Good evening, all. October 29, 2021. A fine Friday night, just 2 days from Halloween. The past couple of years have certainly had peaks of fear and scare, who needs Halloween? Well, a lot of us do!
A number of years ago there were news reports of poisoned candy, razor blades or needles embedded in treats, kids getting seriously sick — and some died. The news media jumped on these incidents and pointed fingers at evil strangers adulterating treats for their own perverse pleasure. But, as you may know, initial reports are usually highly speculative and often wrong. Remember, one goal of news media is the “breaking” story, and being the first to report is generally regarded as positive. Whether the information presented is accurate seems to be beside the point.
Studies of kids admitted to emergency rooms around Halloween have shown these reports greatly exaggerated. Further investigations often came to different conclusions. One child who died had gotten into another family member’s heroin, and the rest of the family covered by afterwards sprinkling heroin on candy and blaming strangers. Another child was poisoned by a parent to collect insurance. (Who takes out an insurance policy on an elementary school age child? That’s a red flag right there.)
Now, all these stories are between 20 and 40 years old. I first looked at this issue probably about 15 years ago. I thought it time to update my info, so went online. I checked on Snopes.com, and most of their articles are from about twenty years ago. Then I went to PubMed. If you’re not familiar with PubMed, it’s a database of peer-reviewed research. I was hoping there were more recent articles, but no there were not.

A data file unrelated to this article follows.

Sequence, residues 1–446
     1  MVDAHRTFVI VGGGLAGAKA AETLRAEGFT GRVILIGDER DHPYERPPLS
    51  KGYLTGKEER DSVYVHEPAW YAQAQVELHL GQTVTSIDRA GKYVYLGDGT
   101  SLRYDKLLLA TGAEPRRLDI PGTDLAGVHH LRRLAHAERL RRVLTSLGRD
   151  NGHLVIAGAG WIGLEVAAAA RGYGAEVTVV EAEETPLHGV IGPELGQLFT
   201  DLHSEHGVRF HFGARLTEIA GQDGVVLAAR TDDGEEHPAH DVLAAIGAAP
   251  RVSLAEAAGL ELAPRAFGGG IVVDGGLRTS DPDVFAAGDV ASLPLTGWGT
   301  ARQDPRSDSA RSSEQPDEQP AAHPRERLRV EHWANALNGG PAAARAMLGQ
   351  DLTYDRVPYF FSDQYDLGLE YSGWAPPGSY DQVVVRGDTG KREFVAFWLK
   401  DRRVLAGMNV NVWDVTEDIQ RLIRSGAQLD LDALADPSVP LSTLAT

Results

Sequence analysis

Seems this issue’s shelf-life was limited. Which brings up the issue of what’s news-worthy, and what’s in the news cycle reflects more a cultural fear than real trends in events. Was there a cultural zeitgeist at that time, a sense of worry that one’s social environments were changing, that your neighbors came from different, strange, backgrounds, and the unknown was less certain? And this is how it got expressed? A time capsule, so to speak, of social concerns indirectly expressed. We do discuss mass media and its impacts in our six week Self-Defense 101.
Even though these stories are decades old, they still pop up every year, seems the initial reporting became the real story and subsequent investigations and conclusions didn’t exist.
What is a real danger this coming weekend? Cars hitting pedestrians. That rate JUMPS on Halloween night. More people out on the street, maybe excited and not looking, and drivers not taking extra precautions on streets they routinely use.
Stay safe, stay aware when trick-or-treating (and driving!), and live life.